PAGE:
HTC Creative Director Daniel on the 1stgen iPod, Leica M8 and the quandry of constant social connection

Every week, a new and interesting human being tackles our decidedly geeky take on the Proustian Q&A. This is the Engadget Questionnaire.

In this week's installment of your smattering of queries, HTC's Creative Director Daniel Hundt chats up the versatile smartphone and responsible consumption. For a look at all of the responses, cozy up on the other side of the break.

HTC Creative Director Daniel on the 1stgen iPod, Leica M8 and the quandry of constant social connectivityWhat gadget do you depend on most?
No question, my smartphone.

Which gadget do you look back upon most fondly?
My gen-one iPod. I received it as a gift at the end of my first internship as a designer in Portland. It was a new way to consume and manage my music, combined with great design. I remember being so worried about scratches on the perfectly shaped stainless-steel back housing. It was very precious
to me at the time.

Which company does the most to push the industry?
I have to think of Google, which provides technology for the masses: we use its services and search engines almost unconsciously since it is so ingrained in how we live. I hope that we at HTC do this on a smaller scale in terms of user experience and design.

What is your operating system of choice?
Android.

What are your favorite gadget names?
I would say Walkman, Infobar and Instamatic.

What are your least favorite?
Anything with just an acronym and numbers.

Which app do you depend on most?
Besides email, it's navigation and Yelp. The best apps, you don't fully appreciate when you have them, but when you don't, you really miss them.

What traits do you most deplore in a smartphone?
The smartphone consumes you and becomes a habit. There is a fundamental question: does being socially connected all the time really enable you to be closer to people you care about? Is typing a message, status update or designating a "like" really more effective than a simple phone call?

Which do you most admire?
The endless possibilities, beyond peoples' imaginations. Through the creativity of users and developers, the smartphone can become anything you want it to be; that's why I am very lucky to work in this industry.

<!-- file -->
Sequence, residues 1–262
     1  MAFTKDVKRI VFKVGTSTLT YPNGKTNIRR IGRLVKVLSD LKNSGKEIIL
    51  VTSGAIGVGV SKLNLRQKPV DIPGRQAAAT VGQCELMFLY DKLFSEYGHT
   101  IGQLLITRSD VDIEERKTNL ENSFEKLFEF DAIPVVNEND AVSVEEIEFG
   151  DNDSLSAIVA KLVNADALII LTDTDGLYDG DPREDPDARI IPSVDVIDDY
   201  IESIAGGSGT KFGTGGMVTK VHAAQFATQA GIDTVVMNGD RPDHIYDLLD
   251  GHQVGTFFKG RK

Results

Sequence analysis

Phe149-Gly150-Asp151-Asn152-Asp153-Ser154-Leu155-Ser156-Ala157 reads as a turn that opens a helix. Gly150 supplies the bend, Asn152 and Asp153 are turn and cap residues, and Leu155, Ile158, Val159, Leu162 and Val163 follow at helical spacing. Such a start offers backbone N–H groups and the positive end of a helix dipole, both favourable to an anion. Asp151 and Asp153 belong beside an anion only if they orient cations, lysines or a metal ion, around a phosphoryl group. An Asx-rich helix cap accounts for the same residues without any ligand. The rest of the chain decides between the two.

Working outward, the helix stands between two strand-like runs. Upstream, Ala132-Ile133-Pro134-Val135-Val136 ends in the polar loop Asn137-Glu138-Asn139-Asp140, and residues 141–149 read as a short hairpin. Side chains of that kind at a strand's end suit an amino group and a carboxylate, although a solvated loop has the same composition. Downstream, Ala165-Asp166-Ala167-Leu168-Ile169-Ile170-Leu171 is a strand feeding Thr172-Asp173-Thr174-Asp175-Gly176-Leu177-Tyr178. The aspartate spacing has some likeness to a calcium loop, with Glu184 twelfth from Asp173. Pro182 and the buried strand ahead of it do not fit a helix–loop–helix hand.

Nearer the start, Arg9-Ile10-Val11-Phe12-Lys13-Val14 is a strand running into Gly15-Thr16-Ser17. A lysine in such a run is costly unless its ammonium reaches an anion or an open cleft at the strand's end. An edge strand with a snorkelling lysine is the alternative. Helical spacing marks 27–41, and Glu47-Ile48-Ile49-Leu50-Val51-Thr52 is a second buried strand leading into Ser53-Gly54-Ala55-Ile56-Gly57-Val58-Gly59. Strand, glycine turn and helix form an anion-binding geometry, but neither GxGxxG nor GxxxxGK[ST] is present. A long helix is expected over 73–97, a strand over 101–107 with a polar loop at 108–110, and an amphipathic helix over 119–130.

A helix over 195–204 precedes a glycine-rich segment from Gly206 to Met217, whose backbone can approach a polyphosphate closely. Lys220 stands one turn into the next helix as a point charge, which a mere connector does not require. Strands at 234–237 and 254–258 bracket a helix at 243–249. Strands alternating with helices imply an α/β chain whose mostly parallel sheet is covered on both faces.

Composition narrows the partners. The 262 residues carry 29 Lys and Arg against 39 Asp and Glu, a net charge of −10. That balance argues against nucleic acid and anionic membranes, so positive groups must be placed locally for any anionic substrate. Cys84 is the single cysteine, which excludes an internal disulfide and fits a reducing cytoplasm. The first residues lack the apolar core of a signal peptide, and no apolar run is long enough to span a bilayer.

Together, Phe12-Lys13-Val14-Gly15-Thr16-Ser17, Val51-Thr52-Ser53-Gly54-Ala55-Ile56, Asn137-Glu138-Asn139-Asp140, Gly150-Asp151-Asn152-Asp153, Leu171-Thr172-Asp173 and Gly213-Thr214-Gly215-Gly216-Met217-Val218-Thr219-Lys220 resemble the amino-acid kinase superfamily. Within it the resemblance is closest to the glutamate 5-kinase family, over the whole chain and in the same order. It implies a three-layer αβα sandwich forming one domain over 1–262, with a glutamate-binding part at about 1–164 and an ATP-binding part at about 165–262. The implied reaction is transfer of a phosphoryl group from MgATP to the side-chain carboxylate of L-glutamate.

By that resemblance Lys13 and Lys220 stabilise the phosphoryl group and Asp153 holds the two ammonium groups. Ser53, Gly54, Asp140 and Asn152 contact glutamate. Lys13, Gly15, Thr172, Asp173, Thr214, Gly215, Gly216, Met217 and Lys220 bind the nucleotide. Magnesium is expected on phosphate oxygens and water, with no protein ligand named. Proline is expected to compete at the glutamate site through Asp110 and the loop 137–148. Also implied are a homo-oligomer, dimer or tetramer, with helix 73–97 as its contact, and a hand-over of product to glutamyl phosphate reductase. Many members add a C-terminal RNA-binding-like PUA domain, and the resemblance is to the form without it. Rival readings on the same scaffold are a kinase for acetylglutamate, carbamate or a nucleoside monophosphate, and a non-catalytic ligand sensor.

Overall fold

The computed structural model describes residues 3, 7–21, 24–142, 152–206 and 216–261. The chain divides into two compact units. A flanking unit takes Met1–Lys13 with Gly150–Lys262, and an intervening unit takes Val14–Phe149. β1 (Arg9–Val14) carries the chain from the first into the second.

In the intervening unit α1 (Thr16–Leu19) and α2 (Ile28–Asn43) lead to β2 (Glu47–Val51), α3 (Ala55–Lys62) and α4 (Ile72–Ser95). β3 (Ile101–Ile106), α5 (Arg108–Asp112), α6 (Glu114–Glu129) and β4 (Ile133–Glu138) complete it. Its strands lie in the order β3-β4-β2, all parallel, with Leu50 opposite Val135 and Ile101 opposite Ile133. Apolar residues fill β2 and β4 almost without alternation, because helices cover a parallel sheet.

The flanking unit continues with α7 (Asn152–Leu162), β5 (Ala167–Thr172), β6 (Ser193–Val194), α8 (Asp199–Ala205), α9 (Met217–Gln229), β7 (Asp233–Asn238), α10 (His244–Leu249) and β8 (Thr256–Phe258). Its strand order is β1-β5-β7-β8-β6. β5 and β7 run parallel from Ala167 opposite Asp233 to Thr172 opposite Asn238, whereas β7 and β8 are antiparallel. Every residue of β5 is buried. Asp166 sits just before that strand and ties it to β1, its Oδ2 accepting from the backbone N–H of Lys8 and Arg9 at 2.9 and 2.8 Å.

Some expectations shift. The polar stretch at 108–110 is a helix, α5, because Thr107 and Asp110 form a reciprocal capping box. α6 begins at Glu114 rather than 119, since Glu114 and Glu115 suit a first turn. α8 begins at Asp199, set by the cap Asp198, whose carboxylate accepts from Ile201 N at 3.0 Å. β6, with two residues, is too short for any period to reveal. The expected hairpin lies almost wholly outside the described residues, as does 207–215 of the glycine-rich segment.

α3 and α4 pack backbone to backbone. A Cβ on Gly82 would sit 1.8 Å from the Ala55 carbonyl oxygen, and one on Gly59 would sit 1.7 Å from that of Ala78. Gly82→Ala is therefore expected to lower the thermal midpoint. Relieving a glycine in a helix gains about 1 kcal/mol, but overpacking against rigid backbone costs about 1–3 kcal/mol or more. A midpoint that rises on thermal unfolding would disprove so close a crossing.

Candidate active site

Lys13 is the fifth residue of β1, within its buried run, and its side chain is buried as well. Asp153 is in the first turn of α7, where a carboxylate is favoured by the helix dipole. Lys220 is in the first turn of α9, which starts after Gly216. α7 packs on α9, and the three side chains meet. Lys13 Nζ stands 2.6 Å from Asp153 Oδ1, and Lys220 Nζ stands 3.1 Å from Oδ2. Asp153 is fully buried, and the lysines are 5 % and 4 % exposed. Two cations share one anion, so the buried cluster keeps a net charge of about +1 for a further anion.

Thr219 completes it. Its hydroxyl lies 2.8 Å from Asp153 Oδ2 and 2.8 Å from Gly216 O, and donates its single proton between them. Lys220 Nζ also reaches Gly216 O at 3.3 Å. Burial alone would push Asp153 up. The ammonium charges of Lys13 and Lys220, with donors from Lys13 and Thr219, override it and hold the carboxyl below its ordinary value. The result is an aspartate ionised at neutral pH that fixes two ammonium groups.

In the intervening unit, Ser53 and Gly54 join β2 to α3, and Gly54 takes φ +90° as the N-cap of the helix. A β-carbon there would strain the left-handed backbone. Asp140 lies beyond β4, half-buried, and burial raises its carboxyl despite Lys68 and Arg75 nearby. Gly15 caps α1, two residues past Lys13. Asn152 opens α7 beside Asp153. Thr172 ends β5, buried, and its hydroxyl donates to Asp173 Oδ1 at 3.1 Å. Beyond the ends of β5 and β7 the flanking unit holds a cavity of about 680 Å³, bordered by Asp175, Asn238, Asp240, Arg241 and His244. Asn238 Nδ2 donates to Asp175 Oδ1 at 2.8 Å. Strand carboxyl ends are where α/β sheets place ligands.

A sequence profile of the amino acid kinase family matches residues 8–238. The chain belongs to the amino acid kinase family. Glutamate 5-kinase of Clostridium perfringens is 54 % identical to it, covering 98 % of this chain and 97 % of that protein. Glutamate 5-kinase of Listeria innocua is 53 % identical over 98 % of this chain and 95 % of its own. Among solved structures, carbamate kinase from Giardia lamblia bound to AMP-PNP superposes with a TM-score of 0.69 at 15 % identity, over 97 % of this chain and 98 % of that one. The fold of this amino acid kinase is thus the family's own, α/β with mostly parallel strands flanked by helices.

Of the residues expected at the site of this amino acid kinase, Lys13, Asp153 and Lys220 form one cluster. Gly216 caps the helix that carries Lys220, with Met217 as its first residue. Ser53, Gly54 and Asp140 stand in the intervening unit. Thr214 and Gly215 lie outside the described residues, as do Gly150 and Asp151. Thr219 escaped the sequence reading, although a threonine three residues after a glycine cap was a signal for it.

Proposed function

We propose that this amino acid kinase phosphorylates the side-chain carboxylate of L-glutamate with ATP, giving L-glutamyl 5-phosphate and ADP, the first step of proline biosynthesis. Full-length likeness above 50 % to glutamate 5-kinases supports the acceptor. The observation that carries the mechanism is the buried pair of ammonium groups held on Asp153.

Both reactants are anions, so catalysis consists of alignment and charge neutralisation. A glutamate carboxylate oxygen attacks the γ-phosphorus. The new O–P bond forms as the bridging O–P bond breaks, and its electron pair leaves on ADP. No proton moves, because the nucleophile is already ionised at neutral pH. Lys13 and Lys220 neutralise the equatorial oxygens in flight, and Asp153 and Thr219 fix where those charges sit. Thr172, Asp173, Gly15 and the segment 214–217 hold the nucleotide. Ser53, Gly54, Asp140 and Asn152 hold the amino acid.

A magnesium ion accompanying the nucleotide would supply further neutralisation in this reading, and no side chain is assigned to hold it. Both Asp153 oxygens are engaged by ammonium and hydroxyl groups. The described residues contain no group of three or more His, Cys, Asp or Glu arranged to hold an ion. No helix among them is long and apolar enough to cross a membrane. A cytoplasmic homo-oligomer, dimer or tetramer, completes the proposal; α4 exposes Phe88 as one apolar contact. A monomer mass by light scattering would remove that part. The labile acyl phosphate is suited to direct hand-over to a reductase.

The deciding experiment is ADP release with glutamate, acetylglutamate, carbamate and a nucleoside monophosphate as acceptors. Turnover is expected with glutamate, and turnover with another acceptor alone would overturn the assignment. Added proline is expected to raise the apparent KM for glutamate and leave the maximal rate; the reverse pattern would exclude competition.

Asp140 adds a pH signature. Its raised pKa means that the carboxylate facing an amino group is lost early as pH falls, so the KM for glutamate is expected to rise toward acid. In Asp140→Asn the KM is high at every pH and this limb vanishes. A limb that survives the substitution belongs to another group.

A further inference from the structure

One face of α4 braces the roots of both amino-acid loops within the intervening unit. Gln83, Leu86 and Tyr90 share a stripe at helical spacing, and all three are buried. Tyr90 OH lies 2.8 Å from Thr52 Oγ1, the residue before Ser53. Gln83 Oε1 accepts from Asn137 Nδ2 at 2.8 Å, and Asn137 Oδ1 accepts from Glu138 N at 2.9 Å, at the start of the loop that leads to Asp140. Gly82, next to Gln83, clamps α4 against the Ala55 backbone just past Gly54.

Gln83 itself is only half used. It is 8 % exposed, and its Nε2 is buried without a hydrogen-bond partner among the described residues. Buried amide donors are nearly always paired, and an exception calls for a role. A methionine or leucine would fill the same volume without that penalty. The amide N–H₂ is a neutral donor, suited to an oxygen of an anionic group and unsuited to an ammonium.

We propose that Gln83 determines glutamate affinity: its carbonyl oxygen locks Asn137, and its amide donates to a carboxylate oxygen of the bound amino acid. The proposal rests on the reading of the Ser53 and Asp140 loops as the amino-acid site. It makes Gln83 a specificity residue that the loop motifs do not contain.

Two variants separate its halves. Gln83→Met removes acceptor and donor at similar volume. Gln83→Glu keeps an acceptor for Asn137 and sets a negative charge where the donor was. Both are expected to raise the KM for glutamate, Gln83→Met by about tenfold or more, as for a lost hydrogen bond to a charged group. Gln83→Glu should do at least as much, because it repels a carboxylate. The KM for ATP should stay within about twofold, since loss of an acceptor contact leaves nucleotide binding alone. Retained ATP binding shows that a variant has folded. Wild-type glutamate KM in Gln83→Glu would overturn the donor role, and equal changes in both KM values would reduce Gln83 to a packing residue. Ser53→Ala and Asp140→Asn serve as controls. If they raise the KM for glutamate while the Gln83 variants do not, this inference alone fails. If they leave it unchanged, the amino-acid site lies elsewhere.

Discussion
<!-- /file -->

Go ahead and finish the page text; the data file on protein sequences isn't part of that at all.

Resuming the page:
What is your idea of the perfect device?
No hardware at all - seamless and hardware-less communication through new display and communication technologies.

"There is a fundamental question: does being socially connected all the time really enable you to be closer to people you care about?"

What is your earliest gadget memory?
Probably my parents' record player that I was fascinated with and played with as a little kid. The analog and mechanical aspect of it had a very intriguing effect on me. Very unfortunate for the life expectancy of the device!

What technological advancement do you most admire?
Social networks and their vast social and political influence. Freedom of information is now available in places where it was not previously possible. This is a great thing, but poses more responsibility on each of us who consume and forward information.

Which do you most despise?
The information explosion over the last 10 years. We consume so many more meaningless things on a daily basis.

What fault are you most tolerant of in a gadget?
Maybe "fault" is the wrong word, but I am OK with sacrificing certain functions in order to improve and perfect the gadget's main cause: communication and consumption.

Which are you most intolerant of?
I am a hardware guy: poor build quality, meaningless and/or arbitrary design. This gives you the feeling that companies didn't go the full way to give you the best possible experience.

When has your smartphone been of the most help?
It might have been the flashlight app on a camping trip. Very low-tech.

What device do you covet most?
At the moment I don't covet a device badly, but a white Leica M8 would be nice.

If you could change one thing about your phone what would it be?
One week of battery life, without impacting the overall dimensions of the phone. Unfortunately battery technology is not there yet.

What does being connected mean to you?
Productivity on the one hand, along with a certain amount of distraction on the other.

When are you least likely to reply to an email?
During a Niners game.

When did you last disconnect?
Other than on a plane or being out of battery, I can't even think about a time. I should plan for a smartphone and internet vacation though!

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HTC Creative Director Daniel Hundt on the first-gen iPod, Leica M8 and the quandary of constant social connectivity